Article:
Are your B2B marketing messages boring?

The key article in the December issue of Target Marketing Magazine, entitled “Big Ideas,” features experts predicting marketing trends for 2010. The information highlights many important issues, including integrated customer marketing, privacy issues, research, the continued rise of data and more.

But the trend I’d like to comment on is the one discussed by Nick Moore, Executive Vice President and Chief Creative Officer at Wunderman. Founded in 1958, Wunderman is one of today’s most respected direct marketing agencies. Mr. Moore perfectly defines today’s advertising ‘sensory overload’ with the dramatic image of “standing in Times Square surrounded by flashing lights and advertisements, bombarded by shouts from street vendors and buskers, watching traffic and readying to cross the street, all while trying to make a cell phone call.”

YawnThis is the environment in which today’s marketers must get attention. His advice is even more profound. “We are in a creative business. Data alone merely gets you to the right place at the right time. But if you say something boring, nobody is going to listen to you.”

His focus, of course, is consumers. Yet his point affects B2B marketers as well.

Back in April of 2009 I wrote a post titled “Not a creative bone in your body? That’s good news,” that advised B2B marketers not to try for creativity in their communications. But Nick Moore is right — in this crowded environment, messages can’t be boring.

So here are two tips on how B2B marketers can take the ‘boring’ out of their marketing communications:

  1. Add energy: Marketing messages can come off as matter-of-fact or they can exude excitement, enthusiasm and energy. For example: An upcoming Webinar can ‘deliver the most valuable information you’ll learn this year.’ A white paper that talks about network security could be presented as dramatic and intriguing: ‘This white paper reveals the secret steps leading CIOs take to maximize network security.’ By being excited about what is being offered, prospects will get excited about it, too.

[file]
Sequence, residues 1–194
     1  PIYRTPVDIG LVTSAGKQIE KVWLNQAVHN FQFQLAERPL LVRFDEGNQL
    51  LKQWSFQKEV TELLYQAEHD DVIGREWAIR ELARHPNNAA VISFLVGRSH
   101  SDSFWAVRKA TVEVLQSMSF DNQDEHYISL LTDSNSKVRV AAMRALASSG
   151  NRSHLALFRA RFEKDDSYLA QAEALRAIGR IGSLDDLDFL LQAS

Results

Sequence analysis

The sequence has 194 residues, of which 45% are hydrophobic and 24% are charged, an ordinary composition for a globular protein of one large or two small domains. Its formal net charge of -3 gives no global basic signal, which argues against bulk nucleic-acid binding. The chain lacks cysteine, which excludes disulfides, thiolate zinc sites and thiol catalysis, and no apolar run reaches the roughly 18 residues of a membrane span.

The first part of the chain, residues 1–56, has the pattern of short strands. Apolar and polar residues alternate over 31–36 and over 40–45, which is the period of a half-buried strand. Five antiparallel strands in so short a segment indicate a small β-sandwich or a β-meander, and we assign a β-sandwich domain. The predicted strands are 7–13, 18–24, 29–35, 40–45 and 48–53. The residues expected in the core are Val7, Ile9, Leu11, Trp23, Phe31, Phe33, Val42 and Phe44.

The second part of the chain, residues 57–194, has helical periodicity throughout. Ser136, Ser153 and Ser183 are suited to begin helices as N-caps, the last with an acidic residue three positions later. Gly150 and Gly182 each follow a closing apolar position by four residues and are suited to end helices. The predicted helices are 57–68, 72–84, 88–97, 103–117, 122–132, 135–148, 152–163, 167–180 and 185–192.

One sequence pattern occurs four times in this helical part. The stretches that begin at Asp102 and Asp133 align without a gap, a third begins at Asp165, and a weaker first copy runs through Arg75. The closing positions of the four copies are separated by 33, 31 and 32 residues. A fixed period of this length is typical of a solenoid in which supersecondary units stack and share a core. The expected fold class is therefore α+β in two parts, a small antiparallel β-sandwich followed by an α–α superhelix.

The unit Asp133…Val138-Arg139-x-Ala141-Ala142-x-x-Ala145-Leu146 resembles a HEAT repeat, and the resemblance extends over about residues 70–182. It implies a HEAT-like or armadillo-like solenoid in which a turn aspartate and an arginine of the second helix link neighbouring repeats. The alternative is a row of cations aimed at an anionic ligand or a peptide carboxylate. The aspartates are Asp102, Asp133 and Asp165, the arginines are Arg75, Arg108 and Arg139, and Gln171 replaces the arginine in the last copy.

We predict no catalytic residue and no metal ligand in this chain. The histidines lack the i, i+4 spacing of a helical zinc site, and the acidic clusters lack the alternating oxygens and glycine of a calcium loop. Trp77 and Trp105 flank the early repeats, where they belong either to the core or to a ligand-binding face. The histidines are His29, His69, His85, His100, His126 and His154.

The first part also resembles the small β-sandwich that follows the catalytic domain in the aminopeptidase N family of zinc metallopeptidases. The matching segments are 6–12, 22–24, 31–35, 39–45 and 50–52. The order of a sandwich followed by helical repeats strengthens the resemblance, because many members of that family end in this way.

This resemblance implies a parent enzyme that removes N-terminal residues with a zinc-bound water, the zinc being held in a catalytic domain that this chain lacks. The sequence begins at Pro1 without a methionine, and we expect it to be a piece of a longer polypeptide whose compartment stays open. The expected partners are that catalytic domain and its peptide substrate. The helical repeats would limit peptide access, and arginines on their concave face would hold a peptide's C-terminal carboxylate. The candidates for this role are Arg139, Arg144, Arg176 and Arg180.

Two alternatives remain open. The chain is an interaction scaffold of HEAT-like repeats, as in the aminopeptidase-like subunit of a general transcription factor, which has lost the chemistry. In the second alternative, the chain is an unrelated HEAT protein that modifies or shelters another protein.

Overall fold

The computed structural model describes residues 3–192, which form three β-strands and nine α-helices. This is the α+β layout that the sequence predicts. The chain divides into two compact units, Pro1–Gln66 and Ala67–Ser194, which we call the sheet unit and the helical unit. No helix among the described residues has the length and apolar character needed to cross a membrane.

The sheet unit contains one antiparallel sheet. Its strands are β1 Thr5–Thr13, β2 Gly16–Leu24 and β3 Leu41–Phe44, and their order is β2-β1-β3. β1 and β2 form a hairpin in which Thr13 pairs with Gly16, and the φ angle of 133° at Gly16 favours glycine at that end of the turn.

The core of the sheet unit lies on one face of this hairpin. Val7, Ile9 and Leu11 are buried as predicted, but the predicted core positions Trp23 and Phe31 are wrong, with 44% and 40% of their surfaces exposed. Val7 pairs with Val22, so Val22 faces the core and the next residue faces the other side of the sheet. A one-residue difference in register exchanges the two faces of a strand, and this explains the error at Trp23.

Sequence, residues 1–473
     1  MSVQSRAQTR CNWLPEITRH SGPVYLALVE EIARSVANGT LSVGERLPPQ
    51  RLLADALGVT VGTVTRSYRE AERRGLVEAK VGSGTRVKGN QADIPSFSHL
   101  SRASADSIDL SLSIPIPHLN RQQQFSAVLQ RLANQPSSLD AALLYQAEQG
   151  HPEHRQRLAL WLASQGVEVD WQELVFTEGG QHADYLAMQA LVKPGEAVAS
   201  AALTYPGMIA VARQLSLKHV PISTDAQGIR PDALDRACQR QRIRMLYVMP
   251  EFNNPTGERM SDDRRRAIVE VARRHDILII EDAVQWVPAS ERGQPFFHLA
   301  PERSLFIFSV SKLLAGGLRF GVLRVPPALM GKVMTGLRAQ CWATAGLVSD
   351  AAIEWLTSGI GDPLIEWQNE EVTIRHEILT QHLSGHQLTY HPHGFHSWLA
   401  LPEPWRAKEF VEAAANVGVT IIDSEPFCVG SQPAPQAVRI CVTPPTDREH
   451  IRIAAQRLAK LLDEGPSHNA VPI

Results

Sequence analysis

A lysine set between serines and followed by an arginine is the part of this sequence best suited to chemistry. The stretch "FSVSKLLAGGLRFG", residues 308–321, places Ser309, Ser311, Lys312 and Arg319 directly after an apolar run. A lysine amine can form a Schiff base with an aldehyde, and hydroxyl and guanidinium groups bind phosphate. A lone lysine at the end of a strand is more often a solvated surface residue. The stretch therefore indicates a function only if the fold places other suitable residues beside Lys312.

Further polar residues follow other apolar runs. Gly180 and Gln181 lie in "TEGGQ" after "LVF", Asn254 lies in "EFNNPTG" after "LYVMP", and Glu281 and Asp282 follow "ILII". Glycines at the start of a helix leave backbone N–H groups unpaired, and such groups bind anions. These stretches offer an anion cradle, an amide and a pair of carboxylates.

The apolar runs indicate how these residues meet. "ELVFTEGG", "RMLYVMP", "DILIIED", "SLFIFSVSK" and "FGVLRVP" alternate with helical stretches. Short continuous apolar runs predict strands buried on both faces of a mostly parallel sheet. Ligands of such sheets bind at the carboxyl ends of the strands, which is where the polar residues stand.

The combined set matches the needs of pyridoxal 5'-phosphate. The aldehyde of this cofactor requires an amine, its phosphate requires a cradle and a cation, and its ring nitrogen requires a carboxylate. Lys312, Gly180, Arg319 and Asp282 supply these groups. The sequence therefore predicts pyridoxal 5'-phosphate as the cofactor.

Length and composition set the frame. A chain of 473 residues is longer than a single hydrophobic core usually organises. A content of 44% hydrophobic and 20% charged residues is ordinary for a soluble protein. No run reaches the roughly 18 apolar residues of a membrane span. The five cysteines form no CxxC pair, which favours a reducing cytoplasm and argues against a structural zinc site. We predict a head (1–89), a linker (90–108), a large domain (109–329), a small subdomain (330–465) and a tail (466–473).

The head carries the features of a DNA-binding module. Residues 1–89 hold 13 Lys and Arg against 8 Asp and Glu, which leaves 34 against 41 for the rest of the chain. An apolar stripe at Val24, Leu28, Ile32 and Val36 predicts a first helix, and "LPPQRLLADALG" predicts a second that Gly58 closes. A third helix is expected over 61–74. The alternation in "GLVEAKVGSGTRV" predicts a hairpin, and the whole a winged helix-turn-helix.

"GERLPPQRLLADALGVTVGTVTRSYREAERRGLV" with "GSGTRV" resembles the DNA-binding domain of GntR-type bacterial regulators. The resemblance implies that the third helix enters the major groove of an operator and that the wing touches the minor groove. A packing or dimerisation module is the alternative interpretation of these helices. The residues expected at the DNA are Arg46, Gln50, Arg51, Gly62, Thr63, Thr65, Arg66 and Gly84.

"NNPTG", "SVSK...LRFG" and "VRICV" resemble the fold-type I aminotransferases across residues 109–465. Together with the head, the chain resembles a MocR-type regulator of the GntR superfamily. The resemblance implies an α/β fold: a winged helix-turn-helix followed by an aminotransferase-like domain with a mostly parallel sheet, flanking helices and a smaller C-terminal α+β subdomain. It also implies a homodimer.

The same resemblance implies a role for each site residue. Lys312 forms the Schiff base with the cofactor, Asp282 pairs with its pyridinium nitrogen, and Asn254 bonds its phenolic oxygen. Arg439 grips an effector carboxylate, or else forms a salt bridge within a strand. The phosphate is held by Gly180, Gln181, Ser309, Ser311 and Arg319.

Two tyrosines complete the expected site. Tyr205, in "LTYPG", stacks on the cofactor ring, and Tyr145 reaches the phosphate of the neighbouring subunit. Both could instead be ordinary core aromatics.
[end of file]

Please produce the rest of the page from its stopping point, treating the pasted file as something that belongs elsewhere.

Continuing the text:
2. Make it about them: No matter how much a company thinks about itself or its product, marketing copy that focuses on those subjects is boring. Messages that focus on the challenges an individual prospect title faces — and how quickly, easily or cost-effectively that challenge can be met — is exciting. Why? Because it’s about them and the information has value. If B2B marketing targets the right person and focuses the message on the issues that person faces every day, the message will not be boring.

Before starting a B2B marketing program, it’s vital to conduct thorough and accurate data analysis and build an accurate profile of best prospective customers, then to choose the channels that best reach those prospects. Once you do, however, it’s just as important to follow Nick Moore’s advice and not be boring.

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